Just yesterday a friend shared these words from a poem entitled “What Brings You to the Next Morning” by Maya Stein
“…you heave your weariness from the room
gather your limbs to the center,and rise.
Tell me what keeps you from plummeting backward…”
I often find myself feeling guilty about being home; like I don’t deserve such decadence unless I spend my days keeping the house clean, putting a wholesome dinner on the table and slaving away at the never-ending list of tedious tasks. I feel guilty that I can’t seem to drag myself back onto the cloth diaper wagon. I feel guilty when I let Poppy watch movies because it is just so damned nice to have a break. I feel guilty when I ask Mike to entertain the kids when he comes home from his own long day so I can have a bubble bath. I feel guilty when I put the clothes in the dryer. I feel guilty when I take time for myself, but I know that if I want to survive motherhood and homeschooling that is one hurdle I must leave behind.
And then I read this post at beauty that moves. It has given me a much needed new perspective on my “job” and “salary”. I don’t need to say much more than to suggest you read it yourself and start carving out a “salary” for yourself.
I have many ideals and ideas of what our days should hold. I am constantly inspired. So inspired, it would seem, that I have become paralyzed. I know I should rise with the birds and run. I know I should rise with the mist and center myself on a yoga mat. I know I should creep down the stairs when the wild things slumber to devour a book and some tea. I know I should write it out. I know I must be kind and generous to myself so that I may be the same towards my family.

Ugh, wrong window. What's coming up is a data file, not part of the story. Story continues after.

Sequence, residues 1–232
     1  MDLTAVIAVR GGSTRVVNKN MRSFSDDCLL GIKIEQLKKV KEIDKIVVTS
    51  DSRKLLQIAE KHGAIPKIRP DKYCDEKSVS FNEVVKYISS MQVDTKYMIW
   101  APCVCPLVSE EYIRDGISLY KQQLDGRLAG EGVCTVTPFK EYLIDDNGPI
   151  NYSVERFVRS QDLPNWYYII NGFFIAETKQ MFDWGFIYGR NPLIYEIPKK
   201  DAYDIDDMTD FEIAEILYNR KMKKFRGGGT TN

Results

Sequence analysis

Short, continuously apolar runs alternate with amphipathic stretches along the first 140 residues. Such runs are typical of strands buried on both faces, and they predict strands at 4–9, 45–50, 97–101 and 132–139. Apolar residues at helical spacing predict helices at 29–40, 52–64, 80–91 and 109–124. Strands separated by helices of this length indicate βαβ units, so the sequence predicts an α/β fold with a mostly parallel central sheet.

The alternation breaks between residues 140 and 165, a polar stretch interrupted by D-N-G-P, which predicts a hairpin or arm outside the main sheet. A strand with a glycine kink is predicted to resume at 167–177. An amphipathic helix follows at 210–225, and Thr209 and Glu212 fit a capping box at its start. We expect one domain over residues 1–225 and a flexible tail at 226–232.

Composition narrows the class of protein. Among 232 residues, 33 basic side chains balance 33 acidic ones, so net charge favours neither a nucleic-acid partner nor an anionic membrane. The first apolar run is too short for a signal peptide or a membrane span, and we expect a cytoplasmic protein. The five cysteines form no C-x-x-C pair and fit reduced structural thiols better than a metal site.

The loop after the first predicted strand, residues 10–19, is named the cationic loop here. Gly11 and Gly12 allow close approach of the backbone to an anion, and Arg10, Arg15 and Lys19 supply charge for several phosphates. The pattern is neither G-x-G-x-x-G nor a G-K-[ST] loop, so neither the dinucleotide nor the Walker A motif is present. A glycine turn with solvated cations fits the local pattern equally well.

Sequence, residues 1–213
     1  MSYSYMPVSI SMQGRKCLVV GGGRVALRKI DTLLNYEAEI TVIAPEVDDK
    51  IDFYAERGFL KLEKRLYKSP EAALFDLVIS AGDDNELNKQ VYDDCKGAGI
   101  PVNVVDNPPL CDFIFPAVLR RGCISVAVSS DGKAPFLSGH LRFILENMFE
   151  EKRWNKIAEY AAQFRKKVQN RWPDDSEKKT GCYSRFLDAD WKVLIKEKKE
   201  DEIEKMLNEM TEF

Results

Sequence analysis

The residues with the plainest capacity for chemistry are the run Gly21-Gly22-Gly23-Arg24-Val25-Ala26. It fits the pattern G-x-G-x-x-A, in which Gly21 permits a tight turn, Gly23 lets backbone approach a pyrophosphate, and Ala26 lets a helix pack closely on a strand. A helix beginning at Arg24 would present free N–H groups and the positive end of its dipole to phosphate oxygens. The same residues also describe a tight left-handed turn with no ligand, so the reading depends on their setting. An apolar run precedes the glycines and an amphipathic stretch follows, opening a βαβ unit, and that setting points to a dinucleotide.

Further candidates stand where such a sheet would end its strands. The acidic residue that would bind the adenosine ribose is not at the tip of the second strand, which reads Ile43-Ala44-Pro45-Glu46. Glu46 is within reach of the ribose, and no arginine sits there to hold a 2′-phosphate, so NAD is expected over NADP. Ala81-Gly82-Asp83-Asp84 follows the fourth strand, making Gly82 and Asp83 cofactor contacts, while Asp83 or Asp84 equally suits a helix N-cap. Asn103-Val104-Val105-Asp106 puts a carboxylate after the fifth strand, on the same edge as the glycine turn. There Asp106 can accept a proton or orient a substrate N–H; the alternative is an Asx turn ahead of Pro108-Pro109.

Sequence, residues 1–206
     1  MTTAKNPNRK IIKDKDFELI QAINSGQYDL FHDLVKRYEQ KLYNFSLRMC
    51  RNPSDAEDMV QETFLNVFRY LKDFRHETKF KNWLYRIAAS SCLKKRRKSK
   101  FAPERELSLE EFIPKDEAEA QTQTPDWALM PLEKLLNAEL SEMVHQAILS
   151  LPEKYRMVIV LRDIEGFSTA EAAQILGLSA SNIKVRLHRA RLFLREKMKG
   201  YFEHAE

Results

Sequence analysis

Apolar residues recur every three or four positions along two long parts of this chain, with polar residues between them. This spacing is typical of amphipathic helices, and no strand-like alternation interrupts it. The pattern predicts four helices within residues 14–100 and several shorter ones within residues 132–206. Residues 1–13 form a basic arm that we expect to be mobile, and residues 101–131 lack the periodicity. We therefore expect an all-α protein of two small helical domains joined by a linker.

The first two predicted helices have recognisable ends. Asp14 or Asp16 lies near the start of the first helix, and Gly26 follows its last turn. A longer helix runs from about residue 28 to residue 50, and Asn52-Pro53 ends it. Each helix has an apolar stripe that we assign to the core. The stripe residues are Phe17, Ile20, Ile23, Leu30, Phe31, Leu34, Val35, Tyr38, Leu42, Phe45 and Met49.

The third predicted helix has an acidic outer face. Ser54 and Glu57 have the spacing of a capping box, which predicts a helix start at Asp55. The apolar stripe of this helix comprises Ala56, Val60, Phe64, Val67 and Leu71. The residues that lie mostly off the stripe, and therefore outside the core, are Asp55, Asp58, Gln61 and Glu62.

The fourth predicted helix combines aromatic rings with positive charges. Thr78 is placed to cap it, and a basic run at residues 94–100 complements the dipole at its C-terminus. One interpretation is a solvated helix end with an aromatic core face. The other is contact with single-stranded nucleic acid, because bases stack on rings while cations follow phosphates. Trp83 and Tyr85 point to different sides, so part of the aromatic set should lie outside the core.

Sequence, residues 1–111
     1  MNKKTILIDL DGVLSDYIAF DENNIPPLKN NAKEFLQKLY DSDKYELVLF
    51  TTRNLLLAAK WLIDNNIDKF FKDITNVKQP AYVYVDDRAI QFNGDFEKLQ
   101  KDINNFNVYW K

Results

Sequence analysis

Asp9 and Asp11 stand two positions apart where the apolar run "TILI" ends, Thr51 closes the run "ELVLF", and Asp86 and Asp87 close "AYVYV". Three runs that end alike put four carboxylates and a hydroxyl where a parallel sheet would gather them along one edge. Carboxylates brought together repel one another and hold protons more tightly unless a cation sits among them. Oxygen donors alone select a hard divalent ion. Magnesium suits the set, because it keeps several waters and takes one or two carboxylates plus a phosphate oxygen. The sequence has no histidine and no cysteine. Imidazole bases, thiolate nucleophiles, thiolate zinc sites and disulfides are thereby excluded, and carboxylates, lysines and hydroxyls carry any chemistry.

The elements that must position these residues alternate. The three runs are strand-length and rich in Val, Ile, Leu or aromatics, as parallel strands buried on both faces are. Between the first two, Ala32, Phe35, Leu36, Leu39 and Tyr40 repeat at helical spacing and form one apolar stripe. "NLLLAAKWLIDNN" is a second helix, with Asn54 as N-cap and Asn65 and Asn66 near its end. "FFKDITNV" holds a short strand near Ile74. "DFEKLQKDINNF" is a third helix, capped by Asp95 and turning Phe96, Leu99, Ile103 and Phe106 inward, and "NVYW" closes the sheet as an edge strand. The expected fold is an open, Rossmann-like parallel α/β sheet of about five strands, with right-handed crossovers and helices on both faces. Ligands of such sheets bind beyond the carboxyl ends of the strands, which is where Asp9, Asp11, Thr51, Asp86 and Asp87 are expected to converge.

And these are the ideals, thoughts and people which will bring me to the next morning; the things that will bring me to gather my limbs to center and rise again.
go gently & be wonderful
p.s. “How To Start Over” by Maya Stein
resist the temptation to wipe the slate clean entirely.
you cannot do this.
you are where you are.
but you can dust. you can mop. you can cleanse your belly
of all the heavy cheeses you ate at last month’s holiday parties.
you can initiate the day with decaf.
you can rake four batches of leaves from the lawn.
you can sing, loudly, in the car to no one
but the man on the radio who is singing with you.
you can decide that the apple pie you are craving
will not come from your hands, your oven, your kitchen,
but from the bakery aisle at your neighborhood grocery.
ignore the titles from the self-help shelves and glossy
women’s magazines, with their sound bytes of colorful insight.
you do not need a makeover, a diet, a religious conversion.
you do not need to get more in touch with your feelings.
you do not need potassium, or St. John’s Wort, or a colonic.
you need a walk, communion with shore birds, a rainstorm,
a glass of wine in front of a fire, lip gloss, a whole evening
of the novel you read only incrementally, at night, before bed.
ignore the calendar, the clock, the larger itineraries
ticking their niggling bits of time.
you will sleep when you need to.
you will know when it is time for water, for a shower,
for a phone call, for a kiss, for solitude, for Indian food,
whatever nourishment you need for your throat, your ears,
the palms of your hands, the hunger just under your skin.
imagine, despite your unbearable faults and fissures,
you are still a thing of beauty, a rare creature, a snowflake,
a singular, spectacular atom circumnavigating the tangled astronomy